While working from home has long been a dream for many people, for those who have had to transition overnight to remote work as a result of the COVID-19 pandemic, it can feel like more of a nightmare. With unemployment high, and working outside the home risky, if you are working from home, you may feel grateful to have a job and relative safety, but that doesn’t make the situation easier. Working from home during the COVID-19 pandemic can force you to deal with many stressors, including isolation, anxiety, and interpersonal issues, as you try to adjust to continuing to perform your job well in a greatly changed environment.1 Or, if you were already working from home, an environment, which now possibly includes children, a spouse, partner or roommate that may have typically left the house for work and school. This situation can put a great deal of stress on your mental health, but there are techniques and strategies that can help you cope and maintain your wellbeing. Wellbeing is a broad concept that the CDC describes as “judging life positively and feeling good.”2 While it may seem difficult to have a positive view on life and feel good during difficult times, there are ways to cope and even thrive.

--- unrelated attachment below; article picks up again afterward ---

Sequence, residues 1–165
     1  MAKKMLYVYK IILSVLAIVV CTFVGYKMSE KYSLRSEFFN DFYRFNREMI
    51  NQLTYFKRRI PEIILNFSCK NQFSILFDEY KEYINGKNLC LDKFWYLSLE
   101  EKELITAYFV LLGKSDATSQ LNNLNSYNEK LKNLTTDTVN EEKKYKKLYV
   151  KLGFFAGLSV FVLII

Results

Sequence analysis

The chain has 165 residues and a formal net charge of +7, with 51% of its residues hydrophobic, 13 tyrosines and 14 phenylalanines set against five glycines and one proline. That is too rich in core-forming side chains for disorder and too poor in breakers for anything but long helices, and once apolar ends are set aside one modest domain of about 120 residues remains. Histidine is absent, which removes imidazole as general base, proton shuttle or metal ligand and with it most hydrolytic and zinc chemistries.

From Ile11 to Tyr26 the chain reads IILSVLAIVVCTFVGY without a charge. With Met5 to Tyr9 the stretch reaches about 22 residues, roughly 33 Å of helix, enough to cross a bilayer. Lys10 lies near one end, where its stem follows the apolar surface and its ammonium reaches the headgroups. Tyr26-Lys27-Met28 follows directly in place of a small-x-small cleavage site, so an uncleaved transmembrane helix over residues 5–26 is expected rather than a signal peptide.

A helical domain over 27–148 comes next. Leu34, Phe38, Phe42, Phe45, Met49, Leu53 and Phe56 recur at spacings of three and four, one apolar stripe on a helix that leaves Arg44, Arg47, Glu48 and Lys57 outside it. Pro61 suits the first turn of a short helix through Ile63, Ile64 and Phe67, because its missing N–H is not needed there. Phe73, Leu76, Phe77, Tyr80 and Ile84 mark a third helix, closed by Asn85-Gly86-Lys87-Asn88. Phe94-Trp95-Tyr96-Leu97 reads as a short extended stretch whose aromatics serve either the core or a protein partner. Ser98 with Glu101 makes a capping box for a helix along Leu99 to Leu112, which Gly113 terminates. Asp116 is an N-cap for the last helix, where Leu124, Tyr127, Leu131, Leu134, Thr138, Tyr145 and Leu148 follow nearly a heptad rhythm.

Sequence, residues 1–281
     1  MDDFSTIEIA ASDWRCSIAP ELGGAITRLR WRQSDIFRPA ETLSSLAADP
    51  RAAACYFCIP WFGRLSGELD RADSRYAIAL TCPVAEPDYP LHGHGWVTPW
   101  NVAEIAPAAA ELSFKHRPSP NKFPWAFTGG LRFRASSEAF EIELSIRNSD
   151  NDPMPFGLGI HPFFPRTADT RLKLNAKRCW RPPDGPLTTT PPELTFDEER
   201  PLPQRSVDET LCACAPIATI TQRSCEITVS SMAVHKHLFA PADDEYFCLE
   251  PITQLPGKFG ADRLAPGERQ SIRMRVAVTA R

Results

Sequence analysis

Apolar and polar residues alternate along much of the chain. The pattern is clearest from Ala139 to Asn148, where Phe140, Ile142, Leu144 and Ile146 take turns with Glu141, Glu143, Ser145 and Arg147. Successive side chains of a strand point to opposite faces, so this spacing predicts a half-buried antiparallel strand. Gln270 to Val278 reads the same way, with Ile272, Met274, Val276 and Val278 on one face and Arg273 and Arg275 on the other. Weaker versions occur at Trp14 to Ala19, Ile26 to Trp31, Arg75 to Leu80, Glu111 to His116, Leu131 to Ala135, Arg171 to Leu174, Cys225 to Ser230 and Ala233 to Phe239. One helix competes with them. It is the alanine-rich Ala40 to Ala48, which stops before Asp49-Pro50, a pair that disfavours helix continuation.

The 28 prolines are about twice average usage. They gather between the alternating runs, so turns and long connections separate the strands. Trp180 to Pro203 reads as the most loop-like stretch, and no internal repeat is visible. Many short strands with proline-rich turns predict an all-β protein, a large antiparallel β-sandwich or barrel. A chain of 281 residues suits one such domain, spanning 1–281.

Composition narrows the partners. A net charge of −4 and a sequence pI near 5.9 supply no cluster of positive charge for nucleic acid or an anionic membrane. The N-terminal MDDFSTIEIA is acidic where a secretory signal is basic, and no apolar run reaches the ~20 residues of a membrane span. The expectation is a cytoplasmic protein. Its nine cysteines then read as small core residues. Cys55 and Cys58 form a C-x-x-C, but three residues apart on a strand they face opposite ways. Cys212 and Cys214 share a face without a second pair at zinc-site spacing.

Kids Work From Home

Schedules can create order out of chaos

Creating a regular schedule can be a useful way to improve focus and maintain some sense of control. This doesn’t need to be a strict schedule. Dr. Maura Glaude suggests a sort of “summer schedule.” By keeping meals and bedtimes regular, everyone in the household can work to give their days some structure. To avoid burnout, it is important to set limits on work time. Just because you’re working from home, that doesn’t mean you are always at work.3 Be sure to let other people in your household know your schedule. Then they can know to be quiet during times you may be working, and you can return the favor when they are working or studying. For those of us who have always worked from home, defining clear boundaries for work time and family/social time, will go far in helping our family members and/or roommates understand when we are available and when we are not. 

Limit your news intake